Is Rick Barnes a Dead Man Walking at Texas?Posted by Chris Johnson on October 10th, 2013
Chris Johnson is an RTC Columnist. He can be reached @ChrisDJohnsonn.
By the start of next college football season, two of the sport’s most high-profile jobs will have new coaches. One of them (USC) already fired its former coach, Lane Kiffin, and has presumably begun searching for a replacement. The other (Texas) has yet to dump longtime coach Mack Brown, but unless the Longhorns can engineer a miraculous midseason turnaround and win the Big 12 – and even that may not be enough to save Brown’s job – it’s all but guaranteed he too will be gone by the end of the season. That seems even more likely after former Athletic Director DeLoss Dodds, a longtime supporter of Brown, resigned last week. Both of these job searches will be fascinating to observe; it’s been a long time since two true titans of the sport have undergone head coaching changes. We’re more concerned about the college hoops side of things here, but that doesn’t mean we need to stop talking about coaching turnover. USC hired a new head coach, Dunk City orchestrator Andy Enfield, in April, and Texas enters the season with Rick Barnes’ coaching hot seat simmering. That was the general consensus following Texas’ 16-18 finish (and NCAA Tournament miss) last season, but the possibility seems even greater after comments published in Sports Illustrated reporter Pete Thamel’s recent article on the Texas athletic department shined a critical light on Barnes and Longhorns basketball. One damning assessment came from an unnamed high-ranking Texas official: “I can’t imagine [Barnes] turning it around.”
There were other harsh statements regarding Barnes included in Thamel’s piece (along with a number of unquoted characterizations from Thamel himself), and taken together, they seemed to paint a picture of a program in desperate need of a coaching change. Over 15 seasons at the school, Barnes has led the Longhorns to three Big 12 regular season championships, made four Sweet Sixteens, two Elite Eights and one Final Four. He has brought in elite high school players like Kevin Durant, Avery Bradley, Tristan Thompson, Cory Joseph and Damion James. His teams almost always – even last season, when it ranked sixth in effective field goal percentage defense – play some of the toughest defense in the country. As C.J. Moore of Basketball Prospectus points out, Texas has finished in the top 10 of Ken Pomeroy’s defensive efficiency rankings in 10 of the last 11 seasons. If that’s all true, why have the Longhorns struggled so much lately?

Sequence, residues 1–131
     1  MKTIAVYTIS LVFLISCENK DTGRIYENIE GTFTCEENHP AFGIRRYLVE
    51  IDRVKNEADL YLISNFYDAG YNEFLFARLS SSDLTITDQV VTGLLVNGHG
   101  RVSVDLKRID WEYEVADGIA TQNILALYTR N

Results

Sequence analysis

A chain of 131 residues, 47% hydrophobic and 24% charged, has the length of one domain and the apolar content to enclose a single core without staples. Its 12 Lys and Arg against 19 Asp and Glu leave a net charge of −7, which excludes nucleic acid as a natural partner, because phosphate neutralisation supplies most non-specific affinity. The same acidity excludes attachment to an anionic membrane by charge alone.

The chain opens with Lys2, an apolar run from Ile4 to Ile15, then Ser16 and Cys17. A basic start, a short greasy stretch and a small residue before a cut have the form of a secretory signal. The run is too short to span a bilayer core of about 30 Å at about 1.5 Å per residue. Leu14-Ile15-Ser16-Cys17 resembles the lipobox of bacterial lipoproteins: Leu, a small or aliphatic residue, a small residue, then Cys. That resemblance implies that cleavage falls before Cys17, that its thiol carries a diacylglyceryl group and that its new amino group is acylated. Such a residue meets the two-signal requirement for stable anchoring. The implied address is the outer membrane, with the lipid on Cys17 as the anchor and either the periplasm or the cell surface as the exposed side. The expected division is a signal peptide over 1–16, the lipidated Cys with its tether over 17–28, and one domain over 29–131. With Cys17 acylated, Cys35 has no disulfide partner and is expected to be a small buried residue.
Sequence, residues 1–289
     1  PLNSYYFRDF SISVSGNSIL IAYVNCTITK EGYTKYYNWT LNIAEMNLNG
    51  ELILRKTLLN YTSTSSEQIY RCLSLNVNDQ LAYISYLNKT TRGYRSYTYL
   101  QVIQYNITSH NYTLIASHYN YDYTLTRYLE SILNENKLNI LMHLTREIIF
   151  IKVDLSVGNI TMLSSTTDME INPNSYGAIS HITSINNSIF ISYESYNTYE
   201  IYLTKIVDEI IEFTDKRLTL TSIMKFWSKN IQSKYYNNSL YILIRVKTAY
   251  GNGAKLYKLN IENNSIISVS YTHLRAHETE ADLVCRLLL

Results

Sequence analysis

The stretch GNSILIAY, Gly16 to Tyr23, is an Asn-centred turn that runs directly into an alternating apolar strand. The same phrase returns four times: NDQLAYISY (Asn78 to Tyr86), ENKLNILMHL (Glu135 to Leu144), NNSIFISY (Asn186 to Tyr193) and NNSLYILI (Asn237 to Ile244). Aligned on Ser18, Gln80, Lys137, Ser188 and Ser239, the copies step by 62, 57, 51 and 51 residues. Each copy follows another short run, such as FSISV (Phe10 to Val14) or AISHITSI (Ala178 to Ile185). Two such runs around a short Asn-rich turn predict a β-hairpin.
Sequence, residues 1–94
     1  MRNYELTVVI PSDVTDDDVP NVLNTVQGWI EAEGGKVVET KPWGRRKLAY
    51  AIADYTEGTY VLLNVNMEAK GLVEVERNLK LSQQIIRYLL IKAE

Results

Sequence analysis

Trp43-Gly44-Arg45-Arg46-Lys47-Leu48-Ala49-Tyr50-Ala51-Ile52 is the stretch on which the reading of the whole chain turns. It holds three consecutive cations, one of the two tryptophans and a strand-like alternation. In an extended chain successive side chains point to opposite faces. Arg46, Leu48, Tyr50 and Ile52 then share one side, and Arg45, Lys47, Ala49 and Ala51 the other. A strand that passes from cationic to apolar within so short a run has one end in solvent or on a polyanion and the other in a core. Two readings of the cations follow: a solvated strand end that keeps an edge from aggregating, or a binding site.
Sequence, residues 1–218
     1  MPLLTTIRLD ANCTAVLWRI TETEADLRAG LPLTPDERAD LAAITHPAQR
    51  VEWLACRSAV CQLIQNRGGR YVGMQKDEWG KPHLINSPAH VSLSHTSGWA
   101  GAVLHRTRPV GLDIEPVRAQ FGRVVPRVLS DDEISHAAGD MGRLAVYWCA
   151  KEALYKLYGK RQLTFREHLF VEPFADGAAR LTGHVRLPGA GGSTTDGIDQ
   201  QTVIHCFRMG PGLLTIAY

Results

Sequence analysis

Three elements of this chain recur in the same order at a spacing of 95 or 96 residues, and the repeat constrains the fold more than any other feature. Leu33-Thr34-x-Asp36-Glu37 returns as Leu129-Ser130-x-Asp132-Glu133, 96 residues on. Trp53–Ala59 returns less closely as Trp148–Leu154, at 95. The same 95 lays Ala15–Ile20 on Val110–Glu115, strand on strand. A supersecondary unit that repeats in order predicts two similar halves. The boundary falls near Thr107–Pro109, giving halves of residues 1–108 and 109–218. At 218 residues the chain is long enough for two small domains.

A quick look at the recruiting rankings provides the best answer. Courtesy of CBSSports’ Gary Parrish, Texas has signed – wait for it – just one of the 21 top-40 prospects from the state of Texas in the past seven recruiting classes. That is a problem. A big problem. And not only is Barnes not signing top prospects, he has lost the enthusiasm and zeal required to recruit against the top programs in the country, according to sources who spoke to Parrish. “Barnes at some point became disenchanted with the off-court grind it takes to maintain a certain level of success,” Parrish wrote. The recent improvements of Baylor and SMU have only made the problem worse. The Longhorns should have a stranglehold over the considerable high school talent located in Texas; these days, they aren’t even in the discussion for some of the state’s top prospects. Want proof? Take Emmanuel Mudiay, the No. 1-ranked PG in the 2014 class, and realize that Texas – a school Mudiay (a senior at Prime Prep Academy in Dallas), given Texas’ resources, stature, and history of producing NBA players, should have strongly considered, if not chosen outright – wasn’t even listed among Mudiay’s final five schools (Baylor, Kansas, Kentucky, Oklahoma State and SMU). A number of transfers and early draft defections have only made Barnes’ job tougher, but the driving force behind Texas’ recent decline, it seems, is recruiting.
The departure of Dodds, who shared a close relationship with Barnes, will not help the latter’s cause. Texas is not expected to compete for a Big 12 championship, or even an NCAA Tournament berth, this season. Former point guard Myck Kabongo’s early NBA Draft declaration, combined with the transfers of guards Julien Lewis and Sheldon McClellan – and forward Ioannis Papapetrou’s recent decision to play professionally in Greece – has left Texas with a young and mostly unproven roster, a group ill-equipped to compete with the likes of Oklahoma State and Kansas at the top of the Big 12. The prospectus is not bright for Barnes and the Longhorns. Unless he can get the wheels turning in the right direction, maybe sneak the Longhorns into the NCAA Tournament, Texas’s new athletic director — and with new athletic directors often come new coaches — may feel compelled to fire Barnes and try to build this program back to its rightful place among the Big 12 elite with a new head man in charge. Because that’s where Texas basketball, despite tepid fan support, should be: competing for Big 12 championships year in and year out. Barnes has let the Longhorns slip from that standard in recent years, and has not given any evidence that he’s close to tugging them back into annual conference championship contention any time soon.
There’s a passage in Thamel’s article that explains how Big 12 administrators and coaches view Brown’s situation at Texas. “Many coaches and administrators around the conference are fearful of the day when Brown finally leaves the Longhorns. They worry that a coach will come in who will be able to maximize all of the program’s resources and proceed to dominate the league. (The same can be said about the Texas AD position, as well.),” Thamel writes. If Texas basketball continues to backslide, one has to think rival hoops coaches might soon have the same opinion of Barnes.